Male Swiss mice weighing 25-35 g, maintained under standard environmental conditions, were used distributed in groups of ten (writhing, formalin, hot-plate and rota-rod tests) and six male Wistar rats weighing 150-180 g each (neutrophil migration activity and carrageenan-induced hind paw edema). The animals were randomly housed in appropriate cages at 22±1 ºC on a 12 h light/dark cycle (lights on 6 am to 6 pm) with free access to food and water. Experimental protocols and procedures were approved by the Federal University of Sergipe Animal Care and Use Committee (CEPA/UFS 23/08).

Acetic acid-induced writhing

In this model (Koster et al., 1959), groups of mice were administered 0.85% acetic acid (10 mL/kg body wt., i.p.), and the number of abdominal contractions was registered over 20 min, starting 5 min after acetic acid injection. Animals (n=10, per group) were treated intraperitoneally (i.p.) with EO (25, 50, and 100 mg/kg), 30 min before acetic acid administration. Distilled water with one drop of tween 80 0.2% (vehicle) was used i.p. in control animals. The effect of pretreatment with naloxone (NAL, 1.5 mg/kg, i.p.) on the antinociception produced by EO (50 and 100 mg/kg) and morphine (MOR, 3.0 mg/kg, i.p.) was determined.

Formalin test

The formalin test was carried out as described by Hunskaar et al. (1985). The animals were separated into five groups (n=10, per group) and treated i.p. with vehicle (control), EO (25, 50, and 100 mg/kg) and aspirin (200 mg/kg). After 30 min, 20 µL of 2.5% formalin solution (0.92% formaldehyde in 0.9% saline) was injected into the subplantar area of the right hindpaw. The duration of paw licking was measured at 0-5 min (first phase) and 15-30 min (second phase) after formalin administration (Hunskaar & Hole, 1987).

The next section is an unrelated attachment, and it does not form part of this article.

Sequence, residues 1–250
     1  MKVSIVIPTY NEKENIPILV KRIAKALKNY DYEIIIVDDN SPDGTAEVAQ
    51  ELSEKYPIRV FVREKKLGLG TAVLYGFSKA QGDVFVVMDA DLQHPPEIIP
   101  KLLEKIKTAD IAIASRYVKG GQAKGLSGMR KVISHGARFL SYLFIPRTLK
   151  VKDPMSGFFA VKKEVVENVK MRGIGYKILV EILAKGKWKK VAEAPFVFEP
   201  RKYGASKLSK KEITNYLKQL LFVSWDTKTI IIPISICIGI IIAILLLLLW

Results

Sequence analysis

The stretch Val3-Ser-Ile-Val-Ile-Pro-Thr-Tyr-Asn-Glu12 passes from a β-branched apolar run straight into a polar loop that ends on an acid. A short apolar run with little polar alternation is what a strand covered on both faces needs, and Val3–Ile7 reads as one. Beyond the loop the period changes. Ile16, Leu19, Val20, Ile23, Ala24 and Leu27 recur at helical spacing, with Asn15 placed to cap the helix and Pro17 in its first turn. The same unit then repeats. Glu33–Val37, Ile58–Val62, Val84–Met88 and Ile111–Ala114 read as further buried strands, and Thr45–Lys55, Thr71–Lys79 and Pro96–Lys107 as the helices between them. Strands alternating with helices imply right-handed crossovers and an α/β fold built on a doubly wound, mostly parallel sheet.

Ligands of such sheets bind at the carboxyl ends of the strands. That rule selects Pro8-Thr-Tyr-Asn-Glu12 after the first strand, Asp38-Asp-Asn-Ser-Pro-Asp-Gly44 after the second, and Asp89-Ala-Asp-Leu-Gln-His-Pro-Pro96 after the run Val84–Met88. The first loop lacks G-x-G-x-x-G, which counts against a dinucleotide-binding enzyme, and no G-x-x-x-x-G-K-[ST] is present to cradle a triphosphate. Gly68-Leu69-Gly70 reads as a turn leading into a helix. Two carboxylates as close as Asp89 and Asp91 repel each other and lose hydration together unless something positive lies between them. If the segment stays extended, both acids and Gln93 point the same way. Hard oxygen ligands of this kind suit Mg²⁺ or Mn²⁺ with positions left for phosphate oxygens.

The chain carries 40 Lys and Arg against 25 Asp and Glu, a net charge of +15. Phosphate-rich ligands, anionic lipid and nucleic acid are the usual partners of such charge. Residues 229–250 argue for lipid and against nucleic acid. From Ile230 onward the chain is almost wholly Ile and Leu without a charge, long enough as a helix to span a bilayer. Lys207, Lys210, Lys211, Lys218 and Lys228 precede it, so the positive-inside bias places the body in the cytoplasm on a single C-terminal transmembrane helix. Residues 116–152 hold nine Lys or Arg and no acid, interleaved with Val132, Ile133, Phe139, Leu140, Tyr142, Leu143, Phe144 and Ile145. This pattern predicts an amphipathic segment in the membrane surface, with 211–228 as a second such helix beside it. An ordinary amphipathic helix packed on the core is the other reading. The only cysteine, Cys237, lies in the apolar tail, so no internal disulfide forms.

Hot-plate test

The hot-plate test measured response latencies according to the method described by Eddy & Leimback (1953). Animals were placed on an Insight® hot-plate (Model EFF-361) maintained at 55±1 °C and the time between placement of the animal on the hot-plate and the occurrence of either the licking of the hind paws, shaking or jump off from the surface was recorded as response latency. Mice with baseline latencies of more than 10 s were eliminated from the study 24 h later. The cut-off time for the hot plate latencies was set at 30 s. Animals (n=10, per group) were treated with EO (25, 50, and 100 mg/kg, i.p.) 30 min before the experiments. Animals control received the same treatment to abdominal constriction test.